W&V Reports US Wine Industry Escapes Tariffs

Wines & Vines reported December 18, 2015 that Congress passed an omnibus appropriations bill that, among other things, repealed a Country of Origin Labeling requirement for beef and pork entering the US, that had been strongly contested by Canada and Mexico. The issue was so contentious that Canada had threatened to retaliate against American suppliers of goods if the law was not repealed, which would have meant substantially increased taxes on American wines entering those countries. You can find the whole article at: http://www.winesandvines.com/template.cfm?section=news&content=162490

In our own experience, we’ve found Canada to be a very difficult market to get our clients’ wines into. Not only is DTC shipping to Canada entirely off limits, but American wineries exporting to Canada have a number of hoops to jump through in order to get their wines into the Canadian marketplace, and must be very careful in following the laws. US wineries need to find a trustworthy distributor to place their wines into the mostly state-controlled system, and prices for US wines are typically 25-50% over stateside retail. If you’re looking at exporting to Canada or you need help tackling the compliance for your export orders, please contact us.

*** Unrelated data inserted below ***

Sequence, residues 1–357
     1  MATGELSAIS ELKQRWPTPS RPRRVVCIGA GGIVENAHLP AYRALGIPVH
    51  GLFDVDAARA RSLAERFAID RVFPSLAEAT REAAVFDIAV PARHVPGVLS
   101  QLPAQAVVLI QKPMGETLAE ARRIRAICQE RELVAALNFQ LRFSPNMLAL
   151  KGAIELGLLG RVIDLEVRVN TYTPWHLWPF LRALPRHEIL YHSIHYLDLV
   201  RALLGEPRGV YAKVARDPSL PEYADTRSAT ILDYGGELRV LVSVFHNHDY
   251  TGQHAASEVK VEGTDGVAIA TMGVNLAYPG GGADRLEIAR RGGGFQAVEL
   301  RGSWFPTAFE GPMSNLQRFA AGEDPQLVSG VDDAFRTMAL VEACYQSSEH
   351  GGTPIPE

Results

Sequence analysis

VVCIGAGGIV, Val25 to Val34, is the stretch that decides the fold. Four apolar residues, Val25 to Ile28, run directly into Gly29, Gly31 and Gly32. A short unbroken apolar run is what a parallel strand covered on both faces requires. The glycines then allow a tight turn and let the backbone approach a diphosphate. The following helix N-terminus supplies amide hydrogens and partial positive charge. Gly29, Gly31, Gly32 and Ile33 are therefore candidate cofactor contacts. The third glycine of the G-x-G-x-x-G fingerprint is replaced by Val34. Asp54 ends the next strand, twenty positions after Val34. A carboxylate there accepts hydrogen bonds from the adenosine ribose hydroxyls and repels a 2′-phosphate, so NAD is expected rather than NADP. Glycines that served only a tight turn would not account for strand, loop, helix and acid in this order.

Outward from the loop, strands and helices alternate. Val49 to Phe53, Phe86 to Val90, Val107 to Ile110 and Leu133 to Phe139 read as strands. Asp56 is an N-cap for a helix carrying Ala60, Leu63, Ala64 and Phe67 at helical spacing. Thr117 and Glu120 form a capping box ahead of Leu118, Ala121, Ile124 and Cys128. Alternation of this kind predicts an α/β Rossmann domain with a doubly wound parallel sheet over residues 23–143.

Massachusetts opens for DTC Shipping

Starting January 2015, Massachusetts will allow limited, regulated winery-to-consumer shipments: Massachusetts’ adult residents will be able to purchase wines directly from wineries licensed by the state to ship.

The move comes after years of closed door laws. The change in Massachusett’s law brings to a close a decade-long effort to open the state to direct shipping, pulling it out of the ranks of Pennsylvania, South Dakota, Kentucky, Utah, Mississippi, Delaware, Alabama, and Oklahoma.

“The budget language is based on the model direct shipping bill being used successfully by the majority of U.S. states. It requires wineries to apply for a state-issued shipping license, to mark boxes as requiring signature at delivery, to pay taxes, and to limit the quantity of wine shipped to individuals.” — FreeTheGrapes.org

Read the full press release here.